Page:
Callendar House: The formidable William Forbes in Falkirk
Having moved to London to make his fortune, William did just that by persuading the Admiralty to buy huge quantities of copper sheeting which was used to sheath the hulls of wooden ships.
Now, as was the custom, he decided to use his new wealth to buy himself a place in landed society.
It was thought polite in those days to allow the descendants of the original family to buy the property but Forbes had no time for such niceties.
At the auction he outbid his Livingston rival, the Earl of Errol, offering nearly £90,000 and when challenged to establish his bona fides he is said to have handed over a £100,000 note from the Bank of England and asked for his change!
The huge area now under his control was the second largest in Stirlingshire consisting of nearly 8,000 acres farmed by hundreds of tenants from great stretches of muir in the south to the carselands.
This was the time of agricultural improvement and Forbes with his business acumen, considerable capital and determined character set about applying the new principles.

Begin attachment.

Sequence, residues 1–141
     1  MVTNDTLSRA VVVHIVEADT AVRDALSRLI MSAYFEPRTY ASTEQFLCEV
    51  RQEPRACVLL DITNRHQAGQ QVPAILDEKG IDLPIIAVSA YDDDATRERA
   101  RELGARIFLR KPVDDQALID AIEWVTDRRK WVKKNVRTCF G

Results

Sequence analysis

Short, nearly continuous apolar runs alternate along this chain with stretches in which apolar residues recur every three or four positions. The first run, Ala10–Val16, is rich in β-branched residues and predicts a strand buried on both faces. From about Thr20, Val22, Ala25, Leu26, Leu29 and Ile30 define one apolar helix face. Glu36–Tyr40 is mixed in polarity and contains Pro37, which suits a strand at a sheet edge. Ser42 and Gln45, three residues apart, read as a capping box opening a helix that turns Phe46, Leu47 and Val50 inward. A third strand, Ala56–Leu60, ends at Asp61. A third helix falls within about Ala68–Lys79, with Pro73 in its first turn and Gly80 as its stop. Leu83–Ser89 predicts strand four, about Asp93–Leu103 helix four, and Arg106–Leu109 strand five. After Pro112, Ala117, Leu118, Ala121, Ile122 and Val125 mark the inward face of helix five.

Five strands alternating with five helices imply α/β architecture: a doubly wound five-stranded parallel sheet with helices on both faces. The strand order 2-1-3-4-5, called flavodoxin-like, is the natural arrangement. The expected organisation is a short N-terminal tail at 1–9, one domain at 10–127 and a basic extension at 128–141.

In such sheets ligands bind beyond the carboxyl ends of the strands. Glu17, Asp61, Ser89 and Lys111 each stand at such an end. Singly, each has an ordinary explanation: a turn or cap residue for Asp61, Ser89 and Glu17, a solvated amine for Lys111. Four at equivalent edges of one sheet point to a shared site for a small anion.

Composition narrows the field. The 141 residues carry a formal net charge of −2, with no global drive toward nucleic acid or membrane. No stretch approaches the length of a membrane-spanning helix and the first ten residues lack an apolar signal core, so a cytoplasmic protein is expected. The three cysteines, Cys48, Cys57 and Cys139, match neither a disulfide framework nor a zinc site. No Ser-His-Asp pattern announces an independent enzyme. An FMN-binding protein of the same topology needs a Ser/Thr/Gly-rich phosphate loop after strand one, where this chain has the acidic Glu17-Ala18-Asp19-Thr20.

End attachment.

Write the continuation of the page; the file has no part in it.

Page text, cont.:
Enclosure, drainage and crop rotation was the order of the day and there were new leases for those tenants prepared to do as instructed and the exit door for the others.
Many men were shaken from the land into working for their neighbours or in one of the growing industrial companies.
As well as multiplying the family wealth these actions brought increased prosperity to the whole district though those who suffered did not see it that way.
At his death in 1815 Forbes was one of the wealthiest men in Scotland and the unchallenged master of Falkirk and district.
He is buried in the mausoleum in the woodland south of Callendar House.
His successors carried on managing the expanding empire while at the same time playing a part in national and local affairs.
His son William served as Member of Parliament for Stirlingshire for two periods during his 40 years as head of the family but it was his son, another William, who assumed control in 1855, who began the structural changes to the house which created the building that we see today.
During the time of the next Forbes, Charles, who took over from his father in 1914, the public had a rare chance to see inside the house when it was opened up as part of the fund raising campaign for the new infirmary in 1925.
A booklet was produced at the time and is a valuable photographic record of the house with all it fine furnishings, old master paintings and collectables, many dating back to the Livingston days.
Unfortunately the end of the Forbes occupation in 1962 brought a famous three day auction in which all of these items vanished from Falkirk and the park and building passed into the ownership of Falkirk Council.
The Forbes family did not lose their connection with the district and continued to manage the estate, but for our purposes in these articles the dynasty effectively came to an end.